May 13, 2019 / 4:01 PM / in 8 days

Cycling: Colombian Gaviria handed controversial Giro stage victory

ORBETELLO, Italy (Reuters) - Fernando Gaviria of Colombia claimed a hollow victory on the Giro d’Italia after his former team mate, Italian champion Elia Viviani, was disqualified from the third stage on Monday.

FILE PHOTO: Cycling - the 101st Giro d'Italia cycling race - The 229-km Stage 3 from Beersheba to Eilat, Israel - May 6, 2018 - Team Quick-Step rider Elia Viviani of Italy stands on the podium after the 3rd stage in Eilat, Israel. REUTERS/Nir Keidar

“The Jury watched the video footage of the sprint and has decided to relegate Elia Viviani. The winner is Fernando Gaviria,” organisers said.

Deceuninck-Quick Step rider Viviani appeared to deviate from his line of sprinting to block out Matteo Moschetti, but Team UAE’s Gaviria, who was also part of the Belgian outfit last year, said the Italian deserved to win.

“Elia is always fair, it is hard to celebrate,” the Colombian told reporters.

“When he moved to the left, he did it without bad intention. To me he is the clear winner of today’s stage. I feel bad for him.”

Gaviria left his arms behind his back on the podium, refusing to celebrate.

France’s Arnaud Demare was second and German Pascal Ackermann third.

Slovenian Primoz Roglic retained the overall leader’s pink jersey at the end of a 220-km ride from Vinci that ended in chaotic fashion.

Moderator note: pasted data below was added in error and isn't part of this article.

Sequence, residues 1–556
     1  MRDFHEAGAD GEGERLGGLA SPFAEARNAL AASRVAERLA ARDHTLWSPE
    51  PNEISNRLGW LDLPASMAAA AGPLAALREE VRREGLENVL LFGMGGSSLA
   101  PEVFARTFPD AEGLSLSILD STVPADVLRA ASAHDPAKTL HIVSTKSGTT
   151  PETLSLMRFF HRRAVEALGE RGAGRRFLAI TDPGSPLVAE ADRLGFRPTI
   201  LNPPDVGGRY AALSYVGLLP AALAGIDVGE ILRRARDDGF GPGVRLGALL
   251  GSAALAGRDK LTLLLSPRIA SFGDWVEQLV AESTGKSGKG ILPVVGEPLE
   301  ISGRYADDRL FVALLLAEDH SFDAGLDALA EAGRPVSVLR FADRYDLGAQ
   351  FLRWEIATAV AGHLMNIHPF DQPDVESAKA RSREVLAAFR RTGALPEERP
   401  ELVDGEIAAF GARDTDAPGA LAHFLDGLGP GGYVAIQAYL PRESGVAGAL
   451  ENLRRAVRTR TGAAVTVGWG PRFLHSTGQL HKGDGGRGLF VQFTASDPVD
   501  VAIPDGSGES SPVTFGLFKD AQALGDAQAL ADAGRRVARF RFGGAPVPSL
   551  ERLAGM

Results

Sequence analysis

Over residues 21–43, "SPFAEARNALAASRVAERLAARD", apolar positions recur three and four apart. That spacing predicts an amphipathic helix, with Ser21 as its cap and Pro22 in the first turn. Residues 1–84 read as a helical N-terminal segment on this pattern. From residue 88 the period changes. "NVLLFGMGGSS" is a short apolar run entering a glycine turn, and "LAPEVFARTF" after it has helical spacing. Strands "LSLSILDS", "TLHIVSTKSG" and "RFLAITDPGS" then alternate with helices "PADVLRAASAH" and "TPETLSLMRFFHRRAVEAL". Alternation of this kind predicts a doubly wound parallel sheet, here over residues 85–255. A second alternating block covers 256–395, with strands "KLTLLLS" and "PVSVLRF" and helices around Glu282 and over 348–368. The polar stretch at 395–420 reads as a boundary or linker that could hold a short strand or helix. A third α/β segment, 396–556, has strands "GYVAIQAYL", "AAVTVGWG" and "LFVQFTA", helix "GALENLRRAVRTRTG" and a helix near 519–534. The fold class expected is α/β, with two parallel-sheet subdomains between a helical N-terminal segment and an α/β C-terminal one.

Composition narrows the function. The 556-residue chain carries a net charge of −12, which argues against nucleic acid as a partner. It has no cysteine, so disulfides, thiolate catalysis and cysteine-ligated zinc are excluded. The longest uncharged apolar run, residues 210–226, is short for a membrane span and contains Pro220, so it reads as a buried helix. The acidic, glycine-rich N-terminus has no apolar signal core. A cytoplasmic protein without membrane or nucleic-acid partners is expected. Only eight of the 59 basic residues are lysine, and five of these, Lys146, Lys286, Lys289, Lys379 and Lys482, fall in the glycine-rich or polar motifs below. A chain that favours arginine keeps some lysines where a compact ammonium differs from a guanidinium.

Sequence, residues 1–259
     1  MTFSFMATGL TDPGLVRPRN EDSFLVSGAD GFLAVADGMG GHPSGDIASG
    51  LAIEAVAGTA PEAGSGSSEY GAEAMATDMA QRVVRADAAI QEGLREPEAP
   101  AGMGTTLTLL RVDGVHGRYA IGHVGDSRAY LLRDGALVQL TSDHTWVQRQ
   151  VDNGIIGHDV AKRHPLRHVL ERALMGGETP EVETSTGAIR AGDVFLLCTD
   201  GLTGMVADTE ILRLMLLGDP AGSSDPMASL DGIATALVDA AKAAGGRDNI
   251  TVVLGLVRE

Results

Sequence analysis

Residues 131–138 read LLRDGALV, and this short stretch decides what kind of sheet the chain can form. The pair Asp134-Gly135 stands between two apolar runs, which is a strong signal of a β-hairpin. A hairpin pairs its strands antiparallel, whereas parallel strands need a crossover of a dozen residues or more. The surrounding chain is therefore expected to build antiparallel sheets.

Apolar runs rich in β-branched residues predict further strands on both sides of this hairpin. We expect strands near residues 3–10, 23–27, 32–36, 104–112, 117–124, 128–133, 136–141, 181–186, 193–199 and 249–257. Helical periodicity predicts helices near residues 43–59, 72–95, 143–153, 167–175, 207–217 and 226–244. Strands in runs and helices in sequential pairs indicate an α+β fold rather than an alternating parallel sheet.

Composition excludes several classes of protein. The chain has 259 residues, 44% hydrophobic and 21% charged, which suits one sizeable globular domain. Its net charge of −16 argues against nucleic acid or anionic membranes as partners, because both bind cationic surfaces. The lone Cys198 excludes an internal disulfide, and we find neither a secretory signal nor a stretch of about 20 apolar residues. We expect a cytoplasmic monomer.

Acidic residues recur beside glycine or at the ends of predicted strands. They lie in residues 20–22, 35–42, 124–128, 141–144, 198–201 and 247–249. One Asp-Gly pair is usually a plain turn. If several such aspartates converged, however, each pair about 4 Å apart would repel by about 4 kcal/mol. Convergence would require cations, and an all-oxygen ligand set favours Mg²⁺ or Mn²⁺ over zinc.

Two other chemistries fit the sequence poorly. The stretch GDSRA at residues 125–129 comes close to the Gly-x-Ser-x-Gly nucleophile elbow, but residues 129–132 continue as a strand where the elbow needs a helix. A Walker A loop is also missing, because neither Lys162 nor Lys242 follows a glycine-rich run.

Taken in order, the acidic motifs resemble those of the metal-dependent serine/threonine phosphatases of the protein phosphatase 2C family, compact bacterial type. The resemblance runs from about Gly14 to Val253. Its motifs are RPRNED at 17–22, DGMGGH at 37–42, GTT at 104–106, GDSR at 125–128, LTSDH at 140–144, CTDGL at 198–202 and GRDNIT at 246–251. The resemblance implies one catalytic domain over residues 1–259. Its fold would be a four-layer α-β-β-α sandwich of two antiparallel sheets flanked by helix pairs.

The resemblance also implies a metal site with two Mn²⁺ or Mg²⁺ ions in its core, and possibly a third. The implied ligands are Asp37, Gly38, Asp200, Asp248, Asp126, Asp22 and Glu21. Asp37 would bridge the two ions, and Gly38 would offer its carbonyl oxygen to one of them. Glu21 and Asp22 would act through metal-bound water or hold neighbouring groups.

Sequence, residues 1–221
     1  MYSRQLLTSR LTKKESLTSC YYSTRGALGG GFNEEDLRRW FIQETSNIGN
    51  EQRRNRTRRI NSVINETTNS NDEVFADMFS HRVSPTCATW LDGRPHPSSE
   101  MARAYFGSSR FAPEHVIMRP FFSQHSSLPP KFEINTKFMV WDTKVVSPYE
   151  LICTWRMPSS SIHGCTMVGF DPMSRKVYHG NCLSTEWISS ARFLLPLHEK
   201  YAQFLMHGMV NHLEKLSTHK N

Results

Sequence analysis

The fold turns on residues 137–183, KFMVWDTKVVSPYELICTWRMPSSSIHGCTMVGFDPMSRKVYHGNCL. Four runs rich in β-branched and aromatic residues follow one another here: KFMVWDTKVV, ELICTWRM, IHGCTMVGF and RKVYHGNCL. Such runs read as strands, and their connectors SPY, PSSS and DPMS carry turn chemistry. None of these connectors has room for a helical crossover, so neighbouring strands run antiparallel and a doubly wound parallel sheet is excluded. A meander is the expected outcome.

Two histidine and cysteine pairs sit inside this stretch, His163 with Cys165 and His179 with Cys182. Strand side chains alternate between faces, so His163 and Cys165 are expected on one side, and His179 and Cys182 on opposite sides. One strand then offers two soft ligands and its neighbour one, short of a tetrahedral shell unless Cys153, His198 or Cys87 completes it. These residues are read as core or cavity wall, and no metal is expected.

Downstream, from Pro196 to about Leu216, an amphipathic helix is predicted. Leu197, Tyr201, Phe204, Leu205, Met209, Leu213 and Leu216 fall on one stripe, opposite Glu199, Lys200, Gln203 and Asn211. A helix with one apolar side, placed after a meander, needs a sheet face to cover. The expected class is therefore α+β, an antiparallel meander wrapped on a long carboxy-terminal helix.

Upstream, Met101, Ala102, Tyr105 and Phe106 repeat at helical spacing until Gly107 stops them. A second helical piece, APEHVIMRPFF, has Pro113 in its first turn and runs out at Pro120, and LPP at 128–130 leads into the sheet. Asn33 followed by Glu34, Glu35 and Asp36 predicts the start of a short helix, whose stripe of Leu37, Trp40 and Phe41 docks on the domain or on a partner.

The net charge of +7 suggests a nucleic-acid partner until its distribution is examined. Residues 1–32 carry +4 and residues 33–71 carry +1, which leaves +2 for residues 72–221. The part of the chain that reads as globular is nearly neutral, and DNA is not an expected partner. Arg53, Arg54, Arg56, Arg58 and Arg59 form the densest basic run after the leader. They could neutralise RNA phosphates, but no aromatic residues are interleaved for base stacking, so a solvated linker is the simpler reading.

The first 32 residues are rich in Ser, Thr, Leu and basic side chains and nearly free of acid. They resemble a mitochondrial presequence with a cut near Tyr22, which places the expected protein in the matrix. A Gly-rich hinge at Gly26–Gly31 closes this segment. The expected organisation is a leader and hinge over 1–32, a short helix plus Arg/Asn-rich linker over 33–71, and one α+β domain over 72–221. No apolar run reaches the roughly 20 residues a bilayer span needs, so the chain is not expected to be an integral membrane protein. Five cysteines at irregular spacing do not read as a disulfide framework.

NERVOUS PELOTON

Crosswinds and a sharp left-hand turn in the finale made the peloton nervous and a crash with 5.5km left split the bunch in two, with British hope Tao Geoghegan Hart losing 1:28 after the Team Ineos youngster was caught on the wrong end.

The 24-year-old, on his Giro debut, had been named as one of two Team Ineos leaders with 21-year-old Pavel Sivakov in the absence of Colombian Egan Bernal, who is out of the race after sustaining a broken collarbone in training.

Sivakov and Geoghegan Hart shone in the Tour of the Alps last month, but team manager Dave Brailsford said last week the two young guns were on the Giro to learn.

Geoghan Hart, who was seventh overall after a good opening time trial, dropped to 57th, 2:03 behind Roglic.

The Slovenian was always well positioned in the bunch, being perfectly sheltered by his Jumbo-Visma team mates.

“With only one rider in the breakaway, it made it a very long stage. It enabled me to enjoy the Maglia Rosa (jersey) a bit more,” he told reporters.

“I wasn’t really scared of the crosswinds at the end because we are a team from Holland so we know how to deal with the wind.”

Ecuador’s Richard Carapaz, fourth in last year’s Giro, lost 46 seconds after suffering a late mechanical problem.

Roglic leads Briton Simon Yates by 19 seconds and twice Giro d’Italia champion Vincenzo Nibali by 23 going into Tuesday’s fourth stage, a 235-km ride from Orbetello to Frascati.

Reporting by Julien Pretot; Editing by Ken Ferris and Ian Chadband

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